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The Returns to Non-Cognitive Skills: A Meta-Analysis

Sophie Cabus (), Joanna Napierała and Stephanie Carretero ()
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Sophie Cabus: KU Leuven HIVA

No 2021-06, JRC Working Papers on Labour, Education and Technology from Joint Research Centre

Abstract: This paper discusses the returns to non-cognitive skills based on results of a meta-analysis. The systematic literature review of articles published in the last decade and analysing labour market outcomes and non-cognitive skills allowed us to extract more than 300 estimates linking earnings and non-cognitive skills, most often measured by the Big Five inventory. The results of meta-analysis point to heterogeneity in the estimated signs and significance of a particular non-cognitive skill. We observe that conscientiousness and openness are two personality traits that bring higher earnings, while agreeableness and neuroticism (low emotional stability) are associated with receiving lower earnings. Some gender differences are also observed. Older and female participants seemed to benefit more from programmes targeted at developing non-cognitive skills than younger participants and men. However, there is a positive selection of female participants to enrol to programmes with better prospects (e.g. longer in duration).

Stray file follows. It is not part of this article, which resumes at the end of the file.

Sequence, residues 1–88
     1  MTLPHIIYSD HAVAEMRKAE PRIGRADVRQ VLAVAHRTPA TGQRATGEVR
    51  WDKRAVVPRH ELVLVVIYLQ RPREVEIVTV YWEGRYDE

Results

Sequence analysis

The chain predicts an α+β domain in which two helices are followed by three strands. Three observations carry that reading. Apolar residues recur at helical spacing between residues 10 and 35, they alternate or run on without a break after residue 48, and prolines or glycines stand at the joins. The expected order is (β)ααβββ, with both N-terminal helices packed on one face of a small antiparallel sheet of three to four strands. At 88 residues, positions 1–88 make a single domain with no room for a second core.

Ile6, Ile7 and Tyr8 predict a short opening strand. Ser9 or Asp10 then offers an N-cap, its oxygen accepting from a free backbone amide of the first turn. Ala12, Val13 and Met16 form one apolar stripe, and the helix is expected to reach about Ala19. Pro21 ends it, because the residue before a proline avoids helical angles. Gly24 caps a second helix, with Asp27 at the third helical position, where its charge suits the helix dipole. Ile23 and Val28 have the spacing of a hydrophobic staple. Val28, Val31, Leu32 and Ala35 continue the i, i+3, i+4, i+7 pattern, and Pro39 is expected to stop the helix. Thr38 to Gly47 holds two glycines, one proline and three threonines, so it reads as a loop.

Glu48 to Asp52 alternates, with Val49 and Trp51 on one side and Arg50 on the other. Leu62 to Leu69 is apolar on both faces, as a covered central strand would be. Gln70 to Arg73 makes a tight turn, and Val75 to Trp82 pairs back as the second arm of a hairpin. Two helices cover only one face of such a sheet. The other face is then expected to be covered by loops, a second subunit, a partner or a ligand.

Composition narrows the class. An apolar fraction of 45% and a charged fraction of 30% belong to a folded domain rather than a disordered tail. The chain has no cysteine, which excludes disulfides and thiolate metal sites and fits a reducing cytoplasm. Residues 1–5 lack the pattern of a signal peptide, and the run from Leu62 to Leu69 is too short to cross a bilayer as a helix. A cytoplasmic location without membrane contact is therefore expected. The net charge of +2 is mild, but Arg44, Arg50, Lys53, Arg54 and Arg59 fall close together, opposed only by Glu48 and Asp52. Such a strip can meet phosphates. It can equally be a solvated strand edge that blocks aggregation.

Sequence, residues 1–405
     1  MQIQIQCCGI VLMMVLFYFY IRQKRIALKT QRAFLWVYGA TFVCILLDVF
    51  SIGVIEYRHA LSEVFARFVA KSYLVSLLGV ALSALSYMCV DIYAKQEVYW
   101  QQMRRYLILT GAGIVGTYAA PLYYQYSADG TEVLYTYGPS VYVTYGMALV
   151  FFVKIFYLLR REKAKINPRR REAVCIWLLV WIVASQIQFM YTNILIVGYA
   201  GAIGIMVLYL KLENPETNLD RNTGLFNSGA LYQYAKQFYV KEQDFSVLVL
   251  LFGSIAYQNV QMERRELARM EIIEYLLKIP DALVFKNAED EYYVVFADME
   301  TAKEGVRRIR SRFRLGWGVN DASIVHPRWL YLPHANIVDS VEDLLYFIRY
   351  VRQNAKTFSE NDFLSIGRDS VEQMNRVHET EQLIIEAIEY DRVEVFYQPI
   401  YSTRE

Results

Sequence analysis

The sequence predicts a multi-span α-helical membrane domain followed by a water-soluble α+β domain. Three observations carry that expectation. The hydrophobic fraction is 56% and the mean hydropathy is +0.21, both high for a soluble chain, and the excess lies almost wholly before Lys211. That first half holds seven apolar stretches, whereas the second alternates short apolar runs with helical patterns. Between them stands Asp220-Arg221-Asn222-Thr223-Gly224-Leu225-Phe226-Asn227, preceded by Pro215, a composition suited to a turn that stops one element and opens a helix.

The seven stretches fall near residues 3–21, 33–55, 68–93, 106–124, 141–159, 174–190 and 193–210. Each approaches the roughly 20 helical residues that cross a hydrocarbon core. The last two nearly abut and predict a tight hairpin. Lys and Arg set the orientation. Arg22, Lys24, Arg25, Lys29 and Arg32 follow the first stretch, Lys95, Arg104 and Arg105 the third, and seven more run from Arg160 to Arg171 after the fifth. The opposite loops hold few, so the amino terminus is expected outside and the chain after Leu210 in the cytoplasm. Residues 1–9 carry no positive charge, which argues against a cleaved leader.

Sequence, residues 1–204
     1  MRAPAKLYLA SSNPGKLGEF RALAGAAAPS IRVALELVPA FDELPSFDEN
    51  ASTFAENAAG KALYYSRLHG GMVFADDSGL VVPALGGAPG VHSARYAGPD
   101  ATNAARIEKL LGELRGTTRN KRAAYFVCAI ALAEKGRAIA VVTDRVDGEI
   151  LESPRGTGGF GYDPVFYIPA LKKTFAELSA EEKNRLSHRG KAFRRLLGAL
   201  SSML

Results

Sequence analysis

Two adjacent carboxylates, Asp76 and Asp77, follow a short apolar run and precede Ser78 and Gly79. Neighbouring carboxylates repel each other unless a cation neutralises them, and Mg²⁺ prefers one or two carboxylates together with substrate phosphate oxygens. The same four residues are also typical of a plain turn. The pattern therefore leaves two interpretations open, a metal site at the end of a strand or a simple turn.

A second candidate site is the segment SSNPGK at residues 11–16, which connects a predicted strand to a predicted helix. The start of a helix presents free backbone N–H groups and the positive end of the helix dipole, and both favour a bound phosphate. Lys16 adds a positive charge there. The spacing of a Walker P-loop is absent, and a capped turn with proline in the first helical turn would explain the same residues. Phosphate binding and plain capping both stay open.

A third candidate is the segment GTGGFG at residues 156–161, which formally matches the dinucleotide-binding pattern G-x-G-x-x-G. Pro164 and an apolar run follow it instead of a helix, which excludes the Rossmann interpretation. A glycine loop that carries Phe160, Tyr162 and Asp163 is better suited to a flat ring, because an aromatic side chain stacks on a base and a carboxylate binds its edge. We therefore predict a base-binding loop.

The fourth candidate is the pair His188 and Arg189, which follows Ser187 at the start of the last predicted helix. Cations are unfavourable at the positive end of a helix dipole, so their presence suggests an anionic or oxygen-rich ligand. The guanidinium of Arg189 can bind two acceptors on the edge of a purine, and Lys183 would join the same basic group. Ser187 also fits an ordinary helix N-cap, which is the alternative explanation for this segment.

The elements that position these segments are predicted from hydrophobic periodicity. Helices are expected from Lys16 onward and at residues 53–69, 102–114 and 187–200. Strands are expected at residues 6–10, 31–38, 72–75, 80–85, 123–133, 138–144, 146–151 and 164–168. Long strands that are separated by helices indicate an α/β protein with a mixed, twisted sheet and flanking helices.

Keywords: Big Five; Meta-analysis; Non-cognitive skills; earnings; Programme effectiveness; Returns (search for similar items in EconPapers)
Date: 2021-04
New Economics Papers: this item is included in nep-cwa and nep-neu
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Citations: View citations in EconPapers (1)

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Handle: RePEc:ipt:laedte:202106